GEO Biodiversity Day
Since 2014, KfW Stiftung has been the main sponsor of GEO’s biodiversity day – the largest field research campaign in Central Europe. Its aim is to identify as many animals and plants as possible in a specific area within 24 hours and to show that biodiversity can actually be discovered on our doorstep.
Over the last years, the programme has made a valuable contribution to the preservation and documentation of animals and plants by helping to rediscover several species which were considered to be extinct. Launched by the wildlife magazine GEO in 1999, the event attracts thousands of people every year – ranging from school children who are enthusiastic about nature to university professors. Not only experts are invited to take part: anyone interested in nature and environmental protection can join in.
The purpose of GEO’s biodiversity day is to raise awareness for the local diversity of species and to rediscover the fascinating plant and animal life that is hidden just around the corner of our homes.
Main Event 2016
Connect natural areas
The motto of the 18th GEO Biodiversity Day was “biotope networks” and was held in the heathland Wahner Heide located in the open natural space of Bergische Heideterrasse in Germany.
This area, which stretches between the river Ruhr in the north and the river Sieg in the south, demonstrates that re-connecting natural habitats and preserving corridors of open space between nature conservation areas is one of the most pressing tasks in order to stop the loss of biodiversity.
Taking stock of nature in 24 hours, zoologists and botanists listed the animals and plants found in the area under examination. The discovery of two species of orchids new to this area created a surprise: the musk orchid, Herminium monorchis, was thought to be extinct in the region and is classed as highly endangered on the Red List of North Rhine-Westphalia. Fen orchids, Liparis loeselii, equally considered extinct in the region, were also rediscovered. Finally, the occurrence of the freshwater jellyfish Craspedacusta sowerbii was another new discovery for Wahner Heide.
Main Event 2015
The main event of the 17th GEO Biodiversity Day took place in collaboration with 'Living flood plains for the river Elbe', a project organised by BUND (Friends of the Earth Germany). With a comprehensive visitor programme ranging from field trips to exhibitions, international biologists came together around the question 'How much space does nature require: where are the limits of biodiversity?'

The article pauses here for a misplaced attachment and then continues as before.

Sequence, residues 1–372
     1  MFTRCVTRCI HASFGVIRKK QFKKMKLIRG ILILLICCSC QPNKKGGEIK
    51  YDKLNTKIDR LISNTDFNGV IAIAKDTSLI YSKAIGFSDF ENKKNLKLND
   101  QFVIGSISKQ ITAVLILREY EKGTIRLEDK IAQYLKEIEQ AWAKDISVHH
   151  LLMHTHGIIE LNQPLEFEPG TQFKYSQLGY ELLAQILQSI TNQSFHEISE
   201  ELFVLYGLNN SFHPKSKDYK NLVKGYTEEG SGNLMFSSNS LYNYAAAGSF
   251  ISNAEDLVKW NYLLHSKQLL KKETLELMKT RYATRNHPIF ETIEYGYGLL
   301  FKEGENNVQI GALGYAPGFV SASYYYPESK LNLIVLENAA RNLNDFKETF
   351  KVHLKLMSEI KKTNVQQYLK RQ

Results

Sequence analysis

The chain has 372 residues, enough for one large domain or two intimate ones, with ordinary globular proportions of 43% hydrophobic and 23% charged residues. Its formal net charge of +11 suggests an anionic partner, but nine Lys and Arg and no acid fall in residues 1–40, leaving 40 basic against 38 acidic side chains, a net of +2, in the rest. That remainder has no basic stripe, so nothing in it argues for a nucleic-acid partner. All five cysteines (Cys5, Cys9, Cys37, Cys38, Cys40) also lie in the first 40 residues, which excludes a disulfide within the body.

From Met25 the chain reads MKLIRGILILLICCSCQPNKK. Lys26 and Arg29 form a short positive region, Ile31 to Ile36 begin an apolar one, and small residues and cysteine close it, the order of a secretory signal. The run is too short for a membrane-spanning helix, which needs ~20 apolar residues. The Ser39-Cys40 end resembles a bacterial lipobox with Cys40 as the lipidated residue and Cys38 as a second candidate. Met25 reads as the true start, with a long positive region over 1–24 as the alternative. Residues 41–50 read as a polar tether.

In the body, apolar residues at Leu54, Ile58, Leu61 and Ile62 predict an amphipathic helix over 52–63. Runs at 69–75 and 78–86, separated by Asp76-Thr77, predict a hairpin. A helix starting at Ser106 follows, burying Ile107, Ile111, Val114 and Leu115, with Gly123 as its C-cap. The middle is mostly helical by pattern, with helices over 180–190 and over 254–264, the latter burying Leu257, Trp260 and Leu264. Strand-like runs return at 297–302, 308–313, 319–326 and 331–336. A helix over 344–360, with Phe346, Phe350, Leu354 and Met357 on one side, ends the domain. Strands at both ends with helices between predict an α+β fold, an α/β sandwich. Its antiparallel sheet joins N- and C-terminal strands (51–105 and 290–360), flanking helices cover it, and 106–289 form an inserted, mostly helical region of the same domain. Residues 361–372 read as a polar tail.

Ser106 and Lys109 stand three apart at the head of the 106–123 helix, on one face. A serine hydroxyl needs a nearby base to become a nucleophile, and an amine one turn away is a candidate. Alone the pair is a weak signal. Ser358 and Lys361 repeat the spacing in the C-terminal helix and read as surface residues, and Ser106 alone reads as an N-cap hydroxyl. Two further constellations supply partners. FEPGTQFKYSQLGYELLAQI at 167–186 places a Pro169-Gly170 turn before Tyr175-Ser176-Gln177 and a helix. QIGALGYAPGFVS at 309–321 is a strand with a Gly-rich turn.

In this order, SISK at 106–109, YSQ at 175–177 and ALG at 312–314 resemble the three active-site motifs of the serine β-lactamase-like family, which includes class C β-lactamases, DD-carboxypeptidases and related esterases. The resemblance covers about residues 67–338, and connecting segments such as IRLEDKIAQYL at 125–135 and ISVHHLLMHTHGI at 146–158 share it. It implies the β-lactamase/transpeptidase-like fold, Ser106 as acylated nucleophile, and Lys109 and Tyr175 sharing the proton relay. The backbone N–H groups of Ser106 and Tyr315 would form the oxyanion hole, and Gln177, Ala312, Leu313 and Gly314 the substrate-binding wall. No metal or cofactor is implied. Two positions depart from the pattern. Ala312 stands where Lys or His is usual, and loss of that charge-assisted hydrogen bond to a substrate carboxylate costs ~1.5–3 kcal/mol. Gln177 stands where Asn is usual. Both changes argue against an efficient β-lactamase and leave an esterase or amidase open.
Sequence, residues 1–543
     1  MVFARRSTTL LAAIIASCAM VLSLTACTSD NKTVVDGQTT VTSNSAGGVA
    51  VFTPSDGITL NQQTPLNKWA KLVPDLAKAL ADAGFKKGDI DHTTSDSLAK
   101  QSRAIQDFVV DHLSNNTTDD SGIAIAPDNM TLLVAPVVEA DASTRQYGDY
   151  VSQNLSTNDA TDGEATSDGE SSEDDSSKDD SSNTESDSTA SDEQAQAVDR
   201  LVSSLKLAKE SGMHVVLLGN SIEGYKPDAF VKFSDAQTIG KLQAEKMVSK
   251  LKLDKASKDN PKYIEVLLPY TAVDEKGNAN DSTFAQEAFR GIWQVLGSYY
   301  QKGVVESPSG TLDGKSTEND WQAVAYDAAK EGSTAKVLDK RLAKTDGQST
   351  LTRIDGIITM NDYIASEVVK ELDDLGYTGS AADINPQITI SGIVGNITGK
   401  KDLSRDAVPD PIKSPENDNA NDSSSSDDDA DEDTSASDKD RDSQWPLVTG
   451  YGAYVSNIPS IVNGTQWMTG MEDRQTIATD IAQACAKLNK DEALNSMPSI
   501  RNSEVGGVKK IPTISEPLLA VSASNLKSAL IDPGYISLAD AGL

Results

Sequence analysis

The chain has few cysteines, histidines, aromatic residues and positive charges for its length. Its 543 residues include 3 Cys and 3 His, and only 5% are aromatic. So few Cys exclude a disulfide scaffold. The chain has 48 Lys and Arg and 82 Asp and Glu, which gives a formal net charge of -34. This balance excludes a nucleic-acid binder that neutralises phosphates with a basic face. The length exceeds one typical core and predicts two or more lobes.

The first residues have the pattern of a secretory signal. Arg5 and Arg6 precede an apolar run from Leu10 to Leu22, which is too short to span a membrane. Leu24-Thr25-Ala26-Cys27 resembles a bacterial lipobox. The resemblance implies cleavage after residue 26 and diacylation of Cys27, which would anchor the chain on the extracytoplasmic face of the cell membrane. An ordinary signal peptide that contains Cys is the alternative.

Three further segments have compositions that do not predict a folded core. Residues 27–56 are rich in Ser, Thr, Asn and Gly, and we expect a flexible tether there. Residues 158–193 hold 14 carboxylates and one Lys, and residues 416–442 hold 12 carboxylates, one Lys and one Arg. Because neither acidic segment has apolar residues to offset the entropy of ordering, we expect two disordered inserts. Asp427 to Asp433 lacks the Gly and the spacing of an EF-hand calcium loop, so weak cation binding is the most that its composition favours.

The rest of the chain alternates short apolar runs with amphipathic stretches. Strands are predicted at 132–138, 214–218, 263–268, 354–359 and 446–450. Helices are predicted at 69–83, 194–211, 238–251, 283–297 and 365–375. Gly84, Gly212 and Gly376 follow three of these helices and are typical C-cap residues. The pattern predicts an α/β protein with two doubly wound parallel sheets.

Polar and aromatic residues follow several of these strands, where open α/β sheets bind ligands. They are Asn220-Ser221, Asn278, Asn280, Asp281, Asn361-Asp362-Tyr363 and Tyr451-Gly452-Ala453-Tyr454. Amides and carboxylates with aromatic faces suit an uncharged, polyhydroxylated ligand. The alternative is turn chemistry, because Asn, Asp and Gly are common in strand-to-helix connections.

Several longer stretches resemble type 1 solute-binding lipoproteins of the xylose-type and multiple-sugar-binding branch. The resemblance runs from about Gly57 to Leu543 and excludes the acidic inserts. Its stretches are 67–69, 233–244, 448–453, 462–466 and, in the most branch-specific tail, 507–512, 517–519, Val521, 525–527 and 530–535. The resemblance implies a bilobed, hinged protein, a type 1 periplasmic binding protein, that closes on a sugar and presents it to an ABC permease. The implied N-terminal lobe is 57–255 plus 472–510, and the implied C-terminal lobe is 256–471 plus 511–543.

The experts discovered around 1400 animal and plant species in the Elbe lowlands around the peninsula Hohe Garbe in the region of Saxony-Anhalt, including the bat Myotis daubentonii and the plants Eragrostis albensis and Statiotes aloides. A particularly exciting find was the beetle Tenebrio opacus, a primeval forest relict species that lives in the dead wood of oak trees and is included in the Red List of endangered species. They also came across five Ascomycetes that had never been observed in Saxony-Anhalt before, including four Mollisia species and one species hitherto unknown in Germany that was found growing on the dead stalks of Euphorbia palustris, a flowering plant included in the Red List.
Geo Biodiversity Day 2015
International biologists came together around the question 'How much space does nature require: where are the limits of biodiversity?' Film
Main Event 2014
On 14 June, the 16th GEO Biodiversity Day took place in Ebern-Unterpreppach. In the Bavarian town of Ebern, about 80 wildlife experts explored animals and plants on a military training ground that has been out of use since 2002. They documented an amazing variety of wildlife – around 1,500 different species were collected and identified by the scientists in the course of 24 hours in an area measuring less than three square kilometres.
BIG BUG DISCOVERIES!
A spectacular highlight was achieved this year by Markus Bräu, a scientist from Munich who specialises in bugs. By discovering the bug Jalla Dumosa on the former military training ground, he managed to prove the existence of an animal that for decades had been considered extinct in Bavaria. Ringo Dietze, a colleague from Saxony, equally returned with great news. Not only could he confirm recent evidence of the existence of the bug Excentricus planicornis in this area, a bug that has no other known habitat in the whole of Germany, but he was also able to prove that this extremely rare animal has established a very healthy population in Ebern. The beetle experts were successful too – they managed to find around 150 species, proving that the area under study was particularly valuable. Fortunately, their discoveries included specimens of extremely endangered species. Chlaenius tristis, for instance, a species of ground beetle that can create an air bubble around its body in order to move from solid ground into water, had not been spotted in Bavaria for thirty-five years - until Michael Fritze found it on the military training ground in Ebern. Another discovery of a beetle species thrilled the experts who had travelled to the site: Anthaxia candens, included on the Red List of endangered animals in Germany, seems to be at home in Ebern.
01. Image: Source: KfW Stiftung, Author / Photographer: Pia Puljanic
02. Image: Source: GEO, Author / Photographer: Solvin Zankl
03. Image: Source: KfW Stiftung, Author / Photographer: Pia Puljanic
04. Image: Source: BUND Nordrhein-Westfalen, Author / Photographer: Holger Sticht
05. Image: Source: BUND Nordrhein-Westfalen, Author / Photographer: Enver Hirsch
06. Image: Source: BUND, Author / Photographer: Frank Meyer, RANA
07. Image: Source: BUND, Author / Photographer: Dieter Damschen
08. Image: Source: BUND, Author / Photographer: Melanka Helms, GEO
09. Image: Source: GEO, Author / Photographer: Thomas Stephan
10. Image: Source: GEO, Author / Photographer: Thomas Stephan
11. Image: Source: KfW Stiftung, Author / Photographer: Pia Puljanic